City Hunter 2 – episodes 21 to 45

March 30, 2005 on 8:42 pm | In City Hunter | Comments Off on City Hunter 2 – episodes 21 to 45

In my convalescence, I reached an epiphany: City Hunter is pure. There is a comfort in the familiarity of the series; every episode works as one might expect, but frequently they offer new insight into Ryo’s character or his feelings for Kaori. Several aspects of the series improve as they come along, with Umibozu becoming an increasingly excellent character.
For this reason, it is excellent to watch to get back into things.

There will always be questions about the nature of City Hunter. Why, if Ryo’s identity must remain secret, are his services publicly advertised by Kaori? There are so few episodes that actually use the XYZ system that it borders on weird – especially as there is an episode about a photographer aiming to uncover City Hunter’s identity and spread his good word throughout Japan. This makes no sense, a tactic that is usually engaged in City Hunter for laughs alone. This two parter is one of the biggest let-downs because its nonsensicality is treated seriously; the situation simply does not and should not work like it does.

OH DEAR LORD THE MAN WITH THE CYBERNETIC ARM – I normally edit out my notes, but I think this one should stay. Among these episodes is a particularly nice two parter about Makimura. Clever editing abounds, and nice character depth is shown; Kaori and Ryo both knew Makimura very well, but never each other until Makimura was gone. What marrs this episode is the inclusion of a villain who has a prosthetic arm – the sort that you can attach cannons and the like to. Considering that particular character’s alleged origins, this could have been handled much better. City Hunter is still capable of darkness; it should have been used here, even if that villain was not the focus of the episode.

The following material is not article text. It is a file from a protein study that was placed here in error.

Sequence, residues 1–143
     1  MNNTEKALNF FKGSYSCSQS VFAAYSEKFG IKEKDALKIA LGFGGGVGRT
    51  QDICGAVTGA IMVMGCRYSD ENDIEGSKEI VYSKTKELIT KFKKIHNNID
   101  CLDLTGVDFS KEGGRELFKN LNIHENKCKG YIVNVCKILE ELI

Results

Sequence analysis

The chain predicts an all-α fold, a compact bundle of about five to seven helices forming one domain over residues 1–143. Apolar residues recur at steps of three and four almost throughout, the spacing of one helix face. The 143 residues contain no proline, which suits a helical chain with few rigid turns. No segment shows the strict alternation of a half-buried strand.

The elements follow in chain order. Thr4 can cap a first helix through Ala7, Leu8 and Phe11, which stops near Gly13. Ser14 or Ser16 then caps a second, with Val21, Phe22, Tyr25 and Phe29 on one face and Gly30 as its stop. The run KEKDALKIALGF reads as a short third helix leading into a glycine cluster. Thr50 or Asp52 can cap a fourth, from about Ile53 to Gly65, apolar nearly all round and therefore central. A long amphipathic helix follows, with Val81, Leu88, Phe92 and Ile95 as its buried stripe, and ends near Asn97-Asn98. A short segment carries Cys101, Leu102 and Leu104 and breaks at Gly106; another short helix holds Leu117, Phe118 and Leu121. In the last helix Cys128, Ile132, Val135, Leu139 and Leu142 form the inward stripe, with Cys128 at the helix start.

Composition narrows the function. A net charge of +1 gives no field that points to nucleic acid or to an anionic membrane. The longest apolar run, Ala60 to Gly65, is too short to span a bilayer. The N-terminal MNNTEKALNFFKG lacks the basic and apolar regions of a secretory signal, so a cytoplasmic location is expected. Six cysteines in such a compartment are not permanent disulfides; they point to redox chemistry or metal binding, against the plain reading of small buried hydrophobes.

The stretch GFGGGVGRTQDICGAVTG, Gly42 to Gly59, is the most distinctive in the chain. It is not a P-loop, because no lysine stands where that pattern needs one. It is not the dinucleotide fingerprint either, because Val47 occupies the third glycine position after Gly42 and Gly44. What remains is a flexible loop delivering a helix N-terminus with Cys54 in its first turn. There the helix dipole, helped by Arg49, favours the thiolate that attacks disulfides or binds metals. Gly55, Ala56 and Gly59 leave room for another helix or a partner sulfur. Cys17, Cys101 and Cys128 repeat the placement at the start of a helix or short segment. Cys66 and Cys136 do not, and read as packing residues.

This is yet another episode that proves that City Hunter does rely overly on orphans, but that is not something to worry about.

Complaints out of the way, there are many good things going for this series. One quite funny episode is about ninja trying to live in a modern world; their breed is dying out as more and more become salarymen. The best thing about this is that the ninja want to become salarymen and fantasize about desk jobs. The conclusion of the episode completely ignores continuity, but all is worthwhile. City Hunter‘s comedy doesn’t always have to make sense – which is why the hypnotism episode is so damned confusing.
The two parter “Ryo is the love thief” is based on the worst joke in City Hunter history, but that does not stop it from hilarity. The situations, judged by previews (“Ryo and the Esper Girl”), make the writers look like they are grasping at straws; however, the quality of execution seldom fails to disappoint.

The biggest highlight is Umibozu. The giant man is an excellent character, a more serious Ryo. However, upon meeting Miki (a character that left me befuddled in City Hunter: Magnum of Love and Destiny) in episode 40, a new side of his character is revealed. Tessho Genda gets a meatier role and more chance to work range. One might be surprised to see Umibozu bursting out laughing, but thanks to Miki this actually happens. Umibozu still has his own dark past, but has now found something good that has grown from that. This means that he is able to whisper threats to Ryo, rather than being permanently gruff. Umibozu comedy became a whole lot funnier as a result.
The examples of character depth given in these episodes prove that City Hunter can, indeed, be worthwhile.

The OP “Sarah”, introduced around episode 27, is the best since the original “City Hunter”. The animation gives a great sense of four of the main characters and, as usual, it is an outlet for Kaori and Ryo romance. The ED changes as well, to something by TM Revolution. This is a welcome change from “Super Girl” which, while a fine song, is not suitable for some of the bleeds between episode endings and the ED (the upbeat tones are not suitable for episodes in which Ryo is forced to kill an old friend, for example). TM Revolution’s song works for both happy and sombre episodes, an excellent medium.

City Hunter 2 is reassuring anime that has some gems of laughs. The scenarios no longer impress with great frequency (the writers have done the “visiting princess at threat from own advisor” story at least six times now over both series), but there are still some great character revelations. It’s hackneyed, yes, but Umibozu, Saeko, Reika, Ryo and Kaori are like old friends. Around halfway through the whole four seasons, I’m already starting to miss them.

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